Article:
Home is where the heart is, so treat it to a fresh look for spring. JLife gets insight from the experts and picks out furnishings that will update your décor for 2016.
We are in a new season and the warmer weather brings a craving for change around the house. There are plenty of trends to bring into the home and garden this spring, so whether the living room needs a revamp or the bedroom could do with a lick of paint, allow JLife to provide a guide to the interiors trends for the months ahead.
ASK THE EXPERTS
Knowing where to being is half the battle. JLife caught up with two home décor experts who revealed their thoughts on the top trends this season.
Nadia McCowan Hill, resident style expert for online furniture store, Wayfair.co.uk, picks out the colour palette for spring/ summer 2016.
Spring has officially sprung, making it the perfect time to switch up your interior palettes for something fresh, light and new. Naturally, the two Pantone colours, Rose Quartz and the blue Serenity are leading the way in interior trends this season. Soft, versatile and easy-on-the-eye, this winning pastel duo is perfect for this time of year when a quick and easy refresh is in order.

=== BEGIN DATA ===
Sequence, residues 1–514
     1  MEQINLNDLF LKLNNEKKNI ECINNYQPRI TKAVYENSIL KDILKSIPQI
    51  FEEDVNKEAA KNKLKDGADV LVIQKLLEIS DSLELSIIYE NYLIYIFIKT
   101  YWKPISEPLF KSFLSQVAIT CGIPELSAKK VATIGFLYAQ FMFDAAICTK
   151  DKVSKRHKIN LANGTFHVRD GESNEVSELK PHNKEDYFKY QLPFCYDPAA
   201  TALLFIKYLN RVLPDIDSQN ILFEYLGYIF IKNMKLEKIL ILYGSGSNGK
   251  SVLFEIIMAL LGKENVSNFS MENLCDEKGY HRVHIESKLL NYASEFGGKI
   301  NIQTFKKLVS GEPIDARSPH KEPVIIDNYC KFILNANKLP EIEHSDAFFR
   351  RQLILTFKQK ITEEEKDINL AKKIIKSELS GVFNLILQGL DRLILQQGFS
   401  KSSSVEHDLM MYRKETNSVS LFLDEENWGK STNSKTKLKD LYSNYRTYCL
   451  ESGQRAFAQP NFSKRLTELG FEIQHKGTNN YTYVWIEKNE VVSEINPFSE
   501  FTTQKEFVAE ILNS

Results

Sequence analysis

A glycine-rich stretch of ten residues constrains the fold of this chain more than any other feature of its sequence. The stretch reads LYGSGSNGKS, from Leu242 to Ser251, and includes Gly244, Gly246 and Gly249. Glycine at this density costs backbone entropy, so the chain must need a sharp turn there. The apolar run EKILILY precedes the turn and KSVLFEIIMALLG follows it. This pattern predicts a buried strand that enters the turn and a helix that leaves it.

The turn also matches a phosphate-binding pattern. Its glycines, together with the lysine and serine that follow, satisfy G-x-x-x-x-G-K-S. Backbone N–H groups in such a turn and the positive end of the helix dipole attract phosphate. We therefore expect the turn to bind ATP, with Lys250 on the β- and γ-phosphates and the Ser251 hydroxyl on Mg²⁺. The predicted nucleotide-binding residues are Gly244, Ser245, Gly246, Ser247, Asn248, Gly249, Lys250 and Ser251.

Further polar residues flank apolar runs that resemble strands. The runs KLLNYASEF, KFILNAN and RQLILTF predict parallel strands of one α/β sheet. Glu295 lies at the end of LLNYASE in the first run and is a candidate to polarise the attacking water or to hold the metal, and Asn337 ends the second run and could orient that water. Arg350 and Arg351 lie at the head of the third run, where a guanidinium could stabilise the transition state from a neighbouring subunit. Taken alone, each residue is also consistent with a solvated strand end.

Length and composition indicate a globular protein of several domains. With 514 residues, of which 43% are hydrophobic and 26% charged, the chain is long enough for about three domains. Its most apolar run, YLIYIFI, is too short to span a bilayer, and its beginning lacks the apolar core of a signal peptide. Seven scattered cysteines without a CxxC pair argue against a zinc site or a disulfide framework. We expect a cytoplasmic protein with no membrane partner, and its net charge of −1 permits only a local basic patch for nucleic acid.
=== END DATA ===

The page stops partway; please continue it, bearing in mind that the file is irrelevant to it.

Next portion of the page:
Another shade dominating the trends is yellow. A cheerful colour with seasonal connotations and surprising adaptability, yellow is a great accent hue and a natural fit for spring.
In terms of materials, gunmetal has replaced copper as the metal of the season, while woods and rattans dominate the trends thanks to the explosion of the ‘outdoor in’ trend. Springing from this look is the widespread desire for wicker seating, twig accents, floral wallpaper and luscious indoor plants.
Fade to Grey
Designer for BBC1’s DIY SOS the Big Build, Julia Kendell is also interior design spokesperson for The National Homebuilding & Renovating Show. Here, she reveals her thoughts on how to rejuvenate the home this season.
The trend for pared-back, industrial styling in interiors has reached the kitchen with utilitarian designs prevalent. Chunky styling, the use of open shelving replacing wall cupboards, and a mix of materials including distressed timber, steel and honed granite or concrete surfaces are key to reproducing this look.
The way I design for my clients has changed recently with separate larders, the utility becoming the ‘wash-up area’ to avoid clutter in open-plan spaces, and tall double-door crockery stores and dry-food stores most popular.
High-gloss is taking a back-seat to softer, more tactile and easy to maintain alternatives. Grey will continue to have a very strong presence with contrasting light and dark featured heavily.